New Insight on the “Farringdon Carr”: A Prehistoric Site?

The “Farringdon Carr” was a swampland which was located on what is now the site of Farringdon Community Academy. Drained in the 1950s, it was also known colloquially as “Lea’s/Lee’s Pond” and from it sprung “Farringdon Burn” a stream of which run through the neighbouring “Foxy Island” and connected to Hendon Burn at Gilley Law. The waterways are visible old Ordnance Survey maps.

What is the significance of the Carr? Archaeological group AAG, represented by Jon Welsh, had conducted research on the area in preparation for site assessments for Sunderland City Council in lieu of several building activities south around Doxford Park Way, including the new school now under construction. Conducting this work, the group also cited Farnton.org’s research in their work, but subsequently published new information in relation to the Carr, of which little publicly available information exists.

First, the assessment teaches us that the Carr is the geographical product of a surface in Farringdon underlined with clay, of which made it difficult for water to drain away. Being at the bottom of the Farringdon hill, it is logical to assume from this that the Carr (as the lowest point in Farringdon) became the natural area of water accumulation and drainage which was able to survive for thousands of years.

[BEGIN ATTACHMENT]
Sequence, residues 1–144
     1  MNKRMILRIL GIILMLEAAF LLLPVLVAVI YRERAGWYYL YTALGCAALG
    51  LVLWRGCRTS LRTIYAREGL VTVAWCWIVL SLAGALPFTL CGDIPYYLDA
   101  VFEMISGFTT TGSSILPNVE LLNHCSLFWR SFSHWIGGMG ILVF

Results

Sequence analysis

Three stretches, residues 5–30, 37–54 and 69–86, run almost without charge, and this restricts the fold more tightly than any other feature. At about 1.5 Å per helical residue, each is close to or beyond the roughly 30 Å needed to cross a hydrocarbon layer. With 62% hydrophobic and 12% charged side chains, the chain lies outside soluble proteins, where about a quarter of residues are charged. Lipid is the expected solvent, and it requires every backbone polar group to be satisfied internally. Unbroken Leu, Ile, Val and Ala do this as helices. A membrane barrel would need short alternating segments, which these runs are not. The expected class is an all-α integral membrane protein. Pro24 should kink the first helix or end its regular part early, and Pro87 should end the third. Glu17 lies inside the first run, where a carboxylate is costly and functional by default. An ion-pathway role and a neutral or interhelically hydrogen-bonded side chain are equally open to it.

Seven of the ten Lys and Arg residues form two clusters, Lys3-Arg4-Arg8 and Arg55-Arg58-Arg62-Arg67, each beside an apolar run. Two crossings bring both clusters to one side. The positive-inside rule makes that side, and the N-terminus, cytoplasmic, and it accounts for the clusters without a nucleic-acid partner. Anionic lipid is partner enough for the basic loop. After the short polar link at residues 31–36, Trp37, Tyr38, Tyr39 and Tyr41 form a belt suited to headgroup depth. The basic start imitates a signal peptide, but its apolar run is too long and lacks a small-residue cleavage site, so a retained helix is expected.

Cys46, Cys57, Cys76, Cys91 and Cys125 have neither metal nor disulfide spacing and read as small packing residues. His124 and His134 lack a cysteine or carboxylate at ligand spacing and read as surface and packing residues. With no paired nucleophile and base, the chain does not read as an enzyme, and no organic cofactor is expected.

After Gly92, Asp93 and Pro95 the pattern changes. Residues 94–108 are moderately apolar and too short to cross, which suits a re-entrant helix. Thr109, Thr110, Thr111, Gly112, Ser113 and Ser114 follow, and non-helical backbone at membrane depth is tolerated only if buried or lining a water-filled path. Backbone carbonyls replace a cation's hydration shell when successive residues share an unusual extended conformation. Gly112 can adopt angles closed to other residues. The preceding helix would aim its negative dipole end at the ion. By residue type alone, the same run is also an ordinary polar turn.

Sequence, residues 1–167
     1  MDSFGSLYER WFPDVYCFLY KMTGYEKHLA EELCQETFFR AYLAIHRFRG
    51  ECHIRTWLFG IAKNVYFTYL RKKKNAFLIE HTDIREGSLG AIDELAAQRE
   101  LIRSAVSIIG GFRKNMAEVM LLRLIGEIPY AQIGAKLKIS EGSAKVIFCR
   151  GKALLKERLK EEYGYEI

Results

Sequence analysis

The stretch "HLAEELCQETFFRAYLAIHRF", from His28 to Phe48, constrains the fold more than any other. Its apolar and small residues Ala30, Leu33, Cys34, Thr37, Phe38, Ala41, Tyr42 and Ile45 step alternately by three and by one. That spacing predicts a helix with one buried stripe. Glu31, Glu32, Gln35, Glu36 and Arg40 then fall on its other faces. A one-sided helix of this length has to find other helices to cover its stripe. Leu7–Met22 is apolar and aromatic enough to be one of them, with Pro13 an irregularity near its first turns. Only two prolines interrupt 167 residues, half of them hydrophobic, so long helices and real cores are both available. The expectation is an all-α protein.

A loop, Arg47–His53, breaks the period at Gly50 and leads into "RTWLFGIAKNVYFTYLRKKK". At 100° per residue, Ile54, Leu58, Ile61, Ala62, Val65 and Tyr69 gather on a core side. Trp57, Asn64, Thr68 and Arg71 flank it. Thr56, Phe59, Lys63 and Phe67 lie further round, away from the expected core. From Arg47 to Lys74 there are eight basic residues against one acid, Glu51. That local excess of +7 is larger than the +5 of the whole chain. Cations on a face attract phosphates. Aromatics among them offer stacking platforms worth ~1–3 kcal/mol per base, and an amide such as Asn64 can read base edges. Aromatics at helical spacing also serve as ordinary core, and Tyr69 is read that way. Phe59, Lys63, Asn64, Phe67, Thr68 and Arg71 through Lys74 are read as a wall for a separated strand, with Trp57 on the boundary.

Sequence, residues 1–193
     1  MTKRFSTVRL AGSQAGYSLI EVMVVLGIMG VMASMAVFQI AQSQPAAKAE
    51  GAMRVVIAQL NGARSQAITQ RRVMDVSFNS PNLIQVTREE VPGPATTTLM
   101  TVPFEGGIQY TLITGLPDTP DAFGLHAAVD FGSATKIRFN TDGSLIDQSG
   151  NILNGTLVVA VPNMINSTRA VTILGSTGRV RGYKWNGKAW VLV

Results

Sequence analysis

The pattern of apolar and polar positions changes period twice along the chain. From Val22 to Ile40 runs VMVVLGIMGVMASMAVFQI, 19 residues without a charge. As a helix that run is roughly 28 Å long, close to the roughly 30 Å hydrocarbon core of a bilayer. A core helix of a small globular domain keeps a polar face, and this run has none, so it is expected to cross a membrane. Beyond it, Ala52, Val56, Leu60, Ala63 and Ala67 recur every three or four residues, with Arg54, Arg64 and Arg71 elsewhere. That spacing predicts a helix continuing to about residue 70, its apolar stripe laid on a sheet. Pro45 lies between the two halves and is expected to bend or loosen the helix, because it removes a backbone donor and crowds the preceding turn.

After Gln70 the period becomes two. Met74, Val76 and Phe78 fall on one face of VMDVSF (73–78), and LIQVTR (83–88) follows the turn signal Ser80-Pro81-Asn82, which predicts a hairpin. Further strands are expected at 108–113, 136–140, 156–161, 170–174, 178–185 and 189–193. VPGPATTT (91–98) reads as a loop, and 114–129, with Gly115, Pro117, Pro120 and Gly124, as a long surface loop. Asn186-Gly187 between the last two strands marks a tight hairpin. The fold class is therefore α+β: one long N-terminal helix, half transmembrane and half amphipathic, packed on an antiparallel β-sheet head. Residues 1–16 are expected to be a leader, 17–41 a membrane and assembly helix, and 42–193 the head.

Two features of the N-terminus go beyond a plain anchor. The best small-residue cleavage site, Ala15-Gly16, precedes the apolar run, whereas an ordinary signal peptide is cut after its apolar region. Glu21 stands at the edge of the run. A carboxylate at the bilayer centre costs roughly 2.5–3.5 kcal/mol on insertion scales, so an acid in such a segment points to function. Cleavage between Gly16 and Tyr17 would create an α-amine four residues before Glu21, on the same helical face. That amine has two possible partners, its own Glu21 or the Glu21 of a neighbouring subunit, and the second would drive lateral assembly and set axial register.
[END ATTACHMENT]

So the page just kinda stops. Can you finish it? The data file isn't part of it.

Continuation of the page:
From this, the assessment proposed theories of how the geography may have influenced human activity. It identifies that “Carrs” were in fact prominently used in prehistoric times as proved by archaeological evidence, and therefore “there may be prehistoric activity in the area such as
hunter-gatherer routeways.” It also notes: “The carr may have been used as a fish pond by Farnton Hall”.

Although the school has been long built over the site, by approximation this identifies “Foxy Island” immediately next to it as an area of archaeological importance. Farnton.org will seek to deepen coordination with AAG archaeology in turn to help investigate the area, with the goal of ensuring that it is not built on in the rush to build housing all over green land in the area.

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